May 15, 2008

Zend Framework – An Example Model

Kevin Hallmark @ 3:48 pm —

Here is a little advice for people who want some guidance on creating their a model layer:

NOTE: This is merely a simple example, for guidance only. YMMV. There are a million different ways to do this kind of thing, this is merely one I have found effective.

In my apps, I generally create a BaseModel class, from which all others inherit. In this class, I’ll define a basic API that I want all models to subscribe to. This is usually something like __get, __set, setDataFromArray, validate (verify data is correct), filter (filter input data), save and other common methods.

This setup lets you change the backend storage mechanism easily. If all your model objects use the same API, you can change the underlying storage code of all your models simultaneously and your app is none-the-wiser.

An example:

Say I begin by using an array to store my data. Suddenly, I realize I want to store my data inside a database. I can change all the methods in my model to set data to a database object. Later in the project, I decide that XML would be a better choice. I can change my methods to write to an XML data file, and once again I don’t have to change my application code.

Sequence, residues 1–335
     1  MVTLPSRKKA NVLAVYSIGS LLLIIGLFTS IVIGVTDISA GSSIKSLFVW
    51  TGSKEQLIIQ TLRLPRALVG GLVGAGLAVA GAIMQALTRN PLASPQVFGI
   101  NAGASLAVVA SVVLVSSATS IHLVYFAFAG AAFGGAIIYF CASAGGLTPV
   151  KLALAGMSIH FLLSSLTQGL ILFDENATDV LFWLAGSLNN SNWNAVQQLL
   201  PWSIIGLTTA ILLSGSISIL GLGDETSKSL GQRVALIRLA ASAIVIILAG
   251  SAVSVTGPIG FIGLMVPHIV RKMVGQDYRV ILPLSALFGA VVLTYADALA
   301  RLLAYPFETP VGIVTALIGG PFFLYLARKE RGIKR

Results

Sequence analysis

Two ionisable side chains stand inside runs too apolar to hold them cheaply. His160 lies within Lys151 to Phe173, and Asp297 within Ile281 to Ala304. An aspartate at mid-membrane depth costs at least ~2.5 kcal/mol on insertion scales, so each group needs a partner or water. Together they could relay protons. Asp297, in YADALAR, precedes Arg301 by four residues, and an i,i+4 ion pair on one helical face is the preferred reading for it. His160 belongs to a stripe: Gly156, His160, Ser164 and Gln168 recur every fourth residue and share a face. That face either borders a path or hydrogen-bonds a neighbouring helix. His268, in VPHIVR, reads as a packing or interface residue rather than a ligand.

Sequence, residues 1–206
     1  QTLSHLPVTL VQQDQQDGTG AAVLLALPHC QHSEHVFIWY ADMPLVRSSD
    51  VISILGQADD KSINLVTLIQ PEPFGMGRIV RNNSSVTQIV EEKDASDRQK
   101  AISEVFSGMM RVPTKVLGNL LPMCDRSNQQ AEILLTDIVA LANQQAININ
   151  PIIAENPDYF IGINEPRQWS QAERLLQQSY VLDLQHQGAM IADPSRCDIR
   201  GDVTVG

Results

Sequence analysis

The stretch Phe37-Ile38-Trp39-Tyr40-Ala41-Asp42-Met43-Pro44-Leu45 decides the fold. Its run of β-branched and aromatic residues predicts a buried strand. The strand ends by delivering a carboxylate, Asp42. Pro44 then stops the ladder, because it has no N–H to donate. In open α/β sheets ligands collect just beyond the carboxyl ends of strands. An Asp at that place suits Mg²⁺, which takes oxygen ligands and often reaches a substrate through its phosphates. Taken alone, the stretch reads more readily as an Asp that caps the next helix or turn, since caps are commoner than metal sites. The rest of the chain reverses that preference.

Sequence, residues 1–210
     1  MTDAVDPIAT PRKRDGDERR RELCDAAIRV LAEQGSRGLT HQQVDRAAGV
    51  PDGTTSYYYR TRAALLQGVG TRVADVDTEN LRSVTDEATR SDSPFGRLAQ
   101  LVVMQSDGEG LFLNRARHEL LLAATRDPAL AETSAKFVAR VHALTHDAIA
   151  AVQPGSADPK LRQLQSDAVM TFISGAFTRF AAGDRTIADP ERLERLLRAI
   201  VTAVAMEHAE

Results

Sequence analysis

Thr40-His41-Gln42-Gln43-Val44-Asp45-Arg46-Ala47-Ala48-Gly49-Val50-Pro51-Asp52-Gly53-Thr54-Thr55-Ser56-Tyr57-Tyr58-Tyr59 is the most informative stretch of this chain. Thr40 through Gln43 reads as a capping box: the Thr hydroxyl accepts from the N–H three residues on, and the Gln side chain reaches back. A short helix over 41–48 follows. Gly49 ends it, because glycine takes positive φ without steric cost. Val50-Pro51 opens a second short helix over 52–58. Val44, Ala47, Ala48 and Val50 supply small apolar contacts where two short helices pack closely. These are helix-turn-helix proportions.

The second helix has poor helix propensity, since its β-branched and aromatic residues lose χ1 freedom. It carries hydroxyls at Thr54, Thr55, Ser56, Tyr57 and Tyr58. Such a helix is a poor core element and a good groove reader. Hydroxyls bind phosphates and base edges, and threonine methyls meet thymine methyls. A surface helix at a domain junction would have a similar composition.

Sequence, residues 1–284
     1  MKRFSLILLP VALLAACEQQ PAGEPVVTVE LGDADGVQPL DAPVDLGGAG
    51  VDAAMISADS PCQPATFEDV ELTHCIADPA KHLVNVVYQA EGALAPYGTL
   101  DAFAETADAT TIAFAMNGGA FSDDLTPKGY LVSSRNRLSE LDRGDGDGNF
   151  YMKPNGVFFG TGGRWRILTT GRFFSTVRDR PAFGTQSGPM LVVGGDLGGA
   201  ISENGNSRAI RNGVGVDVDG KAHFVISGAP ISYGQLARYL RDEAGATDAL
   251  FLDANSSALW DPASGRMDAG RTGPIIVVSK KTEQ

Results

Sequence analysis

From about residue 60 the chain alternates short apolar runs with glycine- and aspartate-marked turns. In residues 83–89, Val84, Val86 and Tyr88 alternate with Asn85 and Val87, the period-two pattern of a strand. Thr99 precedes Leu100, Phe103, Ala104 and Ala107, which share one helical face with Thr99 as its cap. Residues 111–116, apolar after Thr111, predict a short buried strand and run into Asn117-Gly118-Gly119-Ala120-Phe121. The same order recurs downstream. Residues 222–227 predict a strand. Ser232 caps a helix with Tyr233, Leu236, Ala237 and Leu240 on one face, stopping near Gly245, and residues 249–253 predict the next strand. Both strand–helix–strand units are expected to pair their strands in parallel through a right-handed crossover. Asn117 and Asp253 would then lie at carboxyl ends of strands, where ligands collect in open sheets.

You can implement custom behavior by overriding methods and using the ‘parent’ keyword to call the BaseModel method implementation.

In most apps these days, my BaseModel class directly extends Zend_Db_Table_Row. Extending Zend_Db_Table_Row allows my model objects, with all their custom functionality, to be returned directly by Zend_Db_Table function calls. Creating lists is much faster when you don’t have to iterate the result set a second time to create model objects from them.

I usually won’t override the methods I want to use from Zend_Db_Table_Row (__get, __set, setDataFromArray). If I needed to change my storage engine I would implement these methods in my BaseModel to access the new data storage mechanism.

In each of my BaseModel subclasses, I’ll usually add some static getter methods.

For example:

Class User extends BaseModel {
Public static function getUser($user_id = null) {
//return a setup model object
$table = new users();//where users is your table class
If($user_id === null) {
$return = $table->createRow();
} else {
//get row from db
}

Return $return;
}

This function would return the model object for ‘$user_id’, or an empty object if null. You can call this method with

Each model then has a single point of origin. If I decide to change my implementation, I can be assured that “User::getUser” always will give me a fully qualified User object.

You can also create similar functions the will return a list of rows.

Hope this small bit of advice helps get your started.